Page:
Job seekers are less likely to be asked to get the COVID-19 vaccine as a condition of employment as the national vaccination rate plateaus and cases decline.
A new analysis published by job listing website Indeed found that fewer job openings request applicants be fully vaccinated as a qualification for employment than in previous months.
The number of times COVID-19 vaccination was included in job listings peaked on March 12, when about 7% of listings on Indeed included the requirement in their descriptions.
As of April 29, 6.7% of job listings in the United States required applicants to be fully vaccinated against the coronavirus.
AnnElizabeth Konkel, an economist at Indeed, told CNBC that prior to the COVID-19 pandemic there were essentially no listings on the website that required an employee to be vaccinated. While the requirement rapidly began to appear in listings posted after the onset of the global pandemic in 2020, Indeed noted the trend appears to be steadily receding.
“I believe the downward trend is indicative of whether employers think advertising required vaccination will help them attract the workers they want,” Konkel said.
“Advertising required vaccination is a way to appeal to certain groups of workers but at the same time, Covid-19 cases and hospitalizations are now lower than during the fall and winter,” she said. “Employers may be hypothesizing that if the pandemic isn’t at the forefront of workers’ minds, advertising required vaccination isn’t going to appeal in the same way it did a few months ago.”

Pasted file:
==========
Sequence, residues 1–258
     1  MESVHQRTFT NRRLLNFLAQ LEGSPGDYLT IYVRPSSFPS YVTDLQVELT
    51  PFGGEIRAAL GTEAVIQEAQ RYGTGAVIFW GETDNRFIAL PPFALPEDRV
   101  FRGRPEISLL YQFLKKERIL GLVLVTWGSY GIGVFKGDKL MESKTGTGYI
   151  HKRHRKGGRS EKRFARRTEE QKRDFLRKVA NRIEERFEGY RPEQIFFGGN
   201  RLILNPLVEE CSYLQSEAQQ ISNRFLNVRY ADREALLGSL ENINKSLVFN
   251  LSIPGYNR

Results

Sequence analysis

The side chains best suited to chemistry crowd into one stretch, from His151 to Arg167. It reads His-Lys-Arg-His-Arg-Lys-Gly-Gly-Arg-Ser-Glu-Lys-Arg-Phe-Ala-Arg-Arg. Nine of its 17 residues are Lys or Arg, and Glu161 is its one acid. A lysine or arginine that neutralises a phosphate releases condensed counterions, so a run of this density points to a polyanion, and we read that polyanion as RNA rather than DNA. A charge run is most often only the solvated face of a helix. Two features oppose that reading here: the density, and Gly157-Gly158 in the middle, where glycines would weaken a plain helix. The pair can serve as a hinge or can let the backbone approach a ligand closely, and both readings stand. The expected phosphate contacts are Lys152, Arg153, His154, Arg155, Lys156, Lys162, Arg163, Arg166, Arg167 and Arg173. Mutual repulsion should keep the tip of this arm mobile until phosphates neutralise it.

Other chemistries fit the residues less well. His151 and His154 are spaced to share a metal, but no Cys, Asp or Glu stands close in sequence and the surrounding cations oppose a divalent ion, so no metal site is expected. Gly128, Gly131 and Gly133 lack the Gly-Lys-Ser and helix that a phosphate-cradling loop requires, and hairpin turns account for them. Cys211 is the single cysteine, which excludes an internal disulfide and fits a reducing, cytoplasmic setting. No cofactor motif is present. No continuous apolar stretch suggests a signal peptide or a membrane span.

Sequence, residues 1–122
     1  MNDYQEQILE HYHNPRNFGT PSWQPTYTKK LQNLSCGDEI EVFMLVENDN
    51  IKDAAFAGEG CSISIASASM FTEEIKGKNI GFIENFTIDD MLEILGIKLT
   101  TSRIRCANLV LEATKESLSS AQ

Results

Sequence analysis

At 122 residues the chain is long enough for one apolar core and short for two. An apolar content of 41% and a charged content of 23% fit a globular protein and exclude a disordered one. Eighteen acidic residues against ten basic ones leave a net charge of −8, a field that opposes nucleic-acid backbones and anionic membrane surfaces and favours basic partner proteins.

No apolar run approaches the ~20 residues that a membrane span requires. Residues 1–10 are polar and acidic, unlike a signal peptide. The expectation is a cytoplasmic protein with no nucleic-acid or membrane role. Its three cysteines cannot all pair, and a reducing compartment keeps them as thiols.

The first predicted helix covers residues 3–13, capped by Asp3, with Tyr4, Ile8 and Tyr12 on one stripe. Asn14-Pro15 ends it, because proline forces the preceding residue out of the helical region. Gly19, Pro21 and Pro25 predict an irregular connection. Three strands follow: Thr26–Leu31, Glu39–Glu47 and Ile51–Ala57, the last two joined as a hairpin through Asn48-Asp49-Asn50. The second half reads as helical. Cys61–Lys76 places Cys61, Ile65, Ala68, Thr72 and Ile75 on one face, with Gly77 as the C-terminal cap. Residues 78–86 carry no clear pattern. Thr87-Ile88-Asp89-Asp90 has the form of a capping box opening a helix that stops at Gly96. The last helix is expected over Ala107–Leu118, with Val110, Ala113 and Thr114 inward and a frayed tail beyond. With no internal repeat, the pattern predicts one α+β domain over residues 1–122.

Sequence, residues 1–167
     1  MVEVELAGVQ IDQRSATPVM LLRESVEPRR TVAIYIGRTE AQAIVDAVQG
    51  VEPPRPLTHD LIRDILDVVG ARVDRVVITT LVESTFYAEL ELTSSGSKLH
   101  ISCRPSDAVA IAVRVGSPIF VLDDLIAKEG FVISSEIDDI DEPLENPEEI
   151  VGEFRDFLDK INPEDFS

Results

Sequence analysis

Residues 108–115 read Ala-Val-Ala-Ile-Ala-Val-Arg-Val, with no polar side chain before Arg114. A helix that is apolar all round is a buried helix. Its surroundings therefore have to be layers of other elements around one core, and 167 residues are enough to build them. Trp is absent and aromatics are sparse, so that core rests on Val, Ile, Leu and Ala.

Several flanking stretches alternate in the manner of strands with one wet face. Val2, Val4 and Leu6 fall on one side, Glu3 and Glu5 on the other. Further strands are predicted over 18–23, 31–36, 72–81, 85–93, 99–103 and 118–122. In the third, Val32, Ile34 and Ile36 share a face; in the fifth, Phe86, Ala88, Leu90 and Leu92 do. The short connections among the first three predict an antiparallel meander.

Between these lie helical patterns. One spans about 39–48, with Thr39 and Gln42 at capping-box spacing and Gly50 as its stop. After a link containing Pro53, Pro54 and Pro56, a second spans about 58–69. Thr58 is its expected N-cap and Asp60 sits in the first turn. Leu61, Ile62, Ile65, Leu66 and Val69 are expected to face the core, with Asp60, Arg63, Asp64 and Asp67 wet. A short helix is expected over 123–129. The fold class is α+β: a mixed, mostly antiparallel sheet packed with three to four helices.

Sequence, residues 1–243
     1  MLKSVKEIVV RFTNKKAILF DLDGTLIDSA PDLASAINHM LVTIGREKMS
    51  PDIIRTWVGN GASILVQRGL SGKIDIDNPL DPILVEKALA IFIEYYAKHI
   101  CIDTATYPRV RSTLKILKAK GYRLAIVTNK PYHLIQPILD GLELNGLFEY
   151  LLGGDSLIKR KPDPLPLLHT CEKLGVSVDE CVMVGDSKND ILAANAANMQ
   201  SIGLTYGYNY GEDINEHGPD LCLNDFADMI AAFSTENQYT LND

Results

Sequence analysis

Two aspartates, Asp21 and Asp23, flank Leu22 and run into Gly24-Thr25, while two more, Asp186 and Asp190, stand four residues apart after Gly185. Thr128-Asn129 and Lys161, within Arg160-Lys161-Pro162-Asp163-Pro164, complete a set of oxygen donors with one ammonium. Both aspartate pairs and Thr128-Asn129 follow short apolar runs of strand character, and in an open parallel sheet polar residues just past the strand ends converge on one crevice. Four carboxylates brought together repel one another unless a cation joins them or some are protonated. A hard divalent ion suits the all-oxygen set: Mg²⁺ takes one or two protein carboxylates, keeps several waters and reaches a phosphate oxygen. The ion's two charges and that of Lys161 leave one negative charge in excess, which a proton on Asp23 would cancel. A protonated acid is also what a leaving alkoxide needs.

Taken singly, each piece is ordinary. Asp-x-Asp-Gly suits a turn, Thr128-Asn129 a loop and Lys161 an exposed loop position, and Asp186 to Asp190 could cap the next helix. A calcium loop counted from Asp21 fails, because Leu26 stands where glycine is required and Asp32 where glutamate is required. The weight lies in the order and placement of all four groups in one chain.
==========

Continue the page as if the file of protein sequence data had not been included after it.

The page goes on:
In September 2021, President Joe Biden attempted to make vaccination mandates a ubiquitous condition of employment through a set of executive orders. Under one order, any private business with more than 100 employees would be required to enforce a vaccination mandate or require weekly testing for unvaccinated employees.
Biden also issued a vaccination mandate for all federal government employees and contractors as well as healthcare workers at any facility that accepted federal funding.
The orders were ultimately blocked following legal challenges.
Employee vaccination requirements have had mixed receptions in individual states.
As of August, 20 states — including Washington, Massachusetts, Oregon, Hawaii, and Kentucky — had issued vaccine mandates for government employees.
Other states have moved to prevent employers from requiring employees to get the COVID-19 vaccine.
Florida Governor Ron DeSantis signed legislation earlier this year that barred employers from issuing a vaccine mandate without allowing for five types of exemptions, including for medical or religious reasons and in the case of COVID-19 immunity. The law remains in effect until June of 2023.
In April, South Carolina Governor Henry McMaster signed into law a bill that bans state and local governments from making COVID-19 vaccination a condition of employment. The policy also provides some protections for employees for private companies that may also implement a vaccination requirement.
According to the Centers for Disease Control and Prevention, over 76% of the adult population in the U.S. is fully vaccinated. Cases of COVID-19 have continued to decline since the weekly average peaked in mid-January at roughly 808,000 per week. Currently, the U.S. averages just over 66,000 cases of COVID-19 each week — similar to the weekly average recorded by the CDC in March 2020. At the pandemic’s 2021 peak in mid-January, the CDC recorded an average of just over 250,000 cases per week.